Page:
USA Today titled their piece “Jeff Sessions Slammed for Anglo-American Heritage Comments.” But what did they admit in the article itself?  That “as most law students learn in the first week of their first year, American law, also known as the Common Law, is a shared legal heritage between England and America.  Their defense checks out. In fact, even then-Senator Barack Obama has been cited as referring to our justice system as ‘the Anglo-American legal system’ in a speech from 2006.”

 

Again and again, as we read through the coverage of this alleged faux pas this week, we find that the columnists and reporters had no choice but to admit the truth: that there was nothing racist about Jeff Sessions’ remarks whatsoever.

But you’d never know it from the headlines. The articles start out touting the liberal line, as promised in the headlines, and then only as one gets a quarter of the way in, or halfway, or even later, does one discover the truth: that the Left’s accusation is both wrong and unjustifiable… that this isn’t a statement that could be taken either way, but can in fact only be taken one way… and the Left is making up a slight entirely for political purposes.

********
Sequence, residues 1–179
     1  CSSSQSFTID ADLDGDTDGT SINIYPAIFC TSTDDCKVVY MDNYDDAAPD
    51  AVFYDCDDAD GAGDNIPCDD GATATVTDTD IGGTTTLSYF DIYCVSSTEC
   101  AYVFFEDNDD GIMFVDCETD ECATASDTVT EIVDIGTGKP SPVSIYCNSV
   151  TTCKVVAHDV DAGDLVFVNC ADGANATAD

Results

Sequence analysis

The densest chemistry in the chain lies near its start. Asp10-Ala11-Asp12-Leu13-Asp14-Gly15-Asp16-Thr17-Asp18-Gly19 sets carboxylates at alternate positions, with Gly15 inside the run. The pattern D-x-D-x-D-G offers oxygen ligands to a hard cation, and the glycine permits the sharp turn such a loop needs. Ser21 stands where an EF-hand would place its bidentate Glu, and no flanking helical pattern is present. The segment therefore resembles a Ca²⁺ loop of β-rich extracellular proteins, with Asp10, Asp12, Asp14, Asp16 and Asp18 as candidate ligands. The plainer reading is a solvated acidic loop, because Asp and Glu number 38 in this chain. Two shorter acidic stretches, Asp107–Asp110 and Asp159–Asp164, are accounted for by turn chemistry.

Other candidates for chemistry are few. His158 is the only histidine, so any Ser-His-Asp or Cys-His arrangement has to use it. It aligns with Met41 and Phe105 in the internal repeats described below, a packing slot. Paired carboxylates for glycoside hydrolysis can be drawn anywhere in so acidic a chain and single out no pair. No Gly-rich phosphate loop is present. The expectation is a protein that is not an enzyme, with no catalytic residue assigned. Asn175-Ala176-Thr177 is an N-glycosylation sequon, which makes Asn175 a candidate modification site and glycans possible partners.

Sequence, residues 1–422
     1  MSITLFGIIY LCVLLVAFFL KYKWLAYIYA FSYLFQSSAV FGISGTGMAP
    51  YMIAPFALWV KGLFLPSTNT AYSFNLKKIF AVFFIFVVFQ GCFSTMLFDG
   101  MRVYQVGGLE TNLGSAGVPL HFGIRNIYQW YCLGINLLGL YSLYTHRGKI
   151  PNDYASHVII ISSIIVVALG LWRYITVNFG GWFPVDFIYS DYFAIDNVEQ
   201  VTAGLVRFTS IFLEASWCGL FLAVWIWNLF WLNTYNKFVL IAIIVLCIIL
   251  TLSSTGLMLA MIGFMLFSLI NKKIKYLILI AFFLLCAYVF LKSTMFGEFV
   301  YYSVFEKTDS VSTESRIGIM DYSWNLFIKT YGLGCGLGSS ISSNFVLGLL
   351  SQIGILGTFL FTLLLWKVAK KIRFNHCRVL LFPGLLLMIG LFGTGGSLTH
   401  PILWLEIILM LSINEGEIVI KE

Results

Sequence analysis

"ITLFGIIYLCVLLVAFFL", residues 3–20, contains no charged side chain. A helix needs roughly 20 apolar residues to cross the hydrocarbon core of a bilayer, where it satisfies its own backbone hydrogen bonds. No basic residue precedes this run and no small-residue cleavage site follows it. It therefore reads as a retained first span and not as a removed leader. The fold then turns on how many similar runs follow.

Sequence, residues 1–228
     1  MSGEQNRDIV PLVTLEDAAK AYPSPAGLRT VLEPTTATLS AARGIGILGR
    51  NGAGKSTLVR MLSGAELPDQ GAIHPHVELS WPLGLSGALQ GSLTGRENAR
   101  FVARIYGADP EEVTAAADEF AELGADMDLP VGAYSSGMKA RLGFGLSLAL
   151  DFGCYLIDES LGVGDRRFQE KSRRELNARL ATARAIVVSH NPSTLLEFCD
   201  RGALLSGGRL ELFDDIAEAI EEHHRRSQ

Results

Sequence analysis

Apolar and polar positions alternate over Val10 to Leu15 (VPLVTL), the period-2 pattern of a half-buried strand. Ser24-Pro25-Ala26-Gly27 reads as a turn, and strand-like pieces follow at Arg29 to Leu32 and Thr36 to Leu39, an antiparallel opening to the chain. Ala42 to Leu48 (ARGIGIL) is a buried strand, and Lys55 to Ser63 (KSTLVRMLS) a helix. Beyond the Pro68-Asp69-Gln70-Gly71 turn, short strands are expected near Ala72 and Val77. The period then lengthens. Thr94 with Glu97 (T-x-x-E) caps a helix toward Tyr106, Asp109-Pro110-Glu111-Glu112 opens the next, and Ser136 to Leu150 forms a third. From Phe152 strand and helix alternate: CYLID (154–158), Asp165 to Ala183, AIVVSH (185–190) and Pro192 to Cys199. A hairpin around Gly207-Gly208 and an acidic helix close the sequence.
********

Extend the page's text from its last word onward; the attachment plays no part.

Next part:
Can we blame voters for making poor choices on election day, if they have diligently paid attention to the news, as they were instructed in their childhood, never dreaming that such news was more spin than truth? Can we blame minorities for thinking the worst of people in the majority, when they have heard nothing but the claim that whites are bigoted against them, and they’ve been shown “proof” of it on a daily basis?  They may have no way to tell that such “proofs” were utter fraud.

Our culture has sunken low, very low, from the days when valiant libertarians risked their lives, their fortunes, and their sacred honor on a quest to design a nation of laws, a nation in which men and women could live and prosper, free of oppressive government.

We have fallen far indeed. But we haven’t just fallen, we’ve been pushed.   And tragically, for decades now, but never so much as in recent months, the vaunted “free press” has done a good deal of the pushing.

Copyright 2018 John F. Di Leo

John F. Di Leo is a Chicagoland based trade compliance and transportation professional, writer and actor. Permission is hereby granted to forward freely, provided the IR URL and byline are included.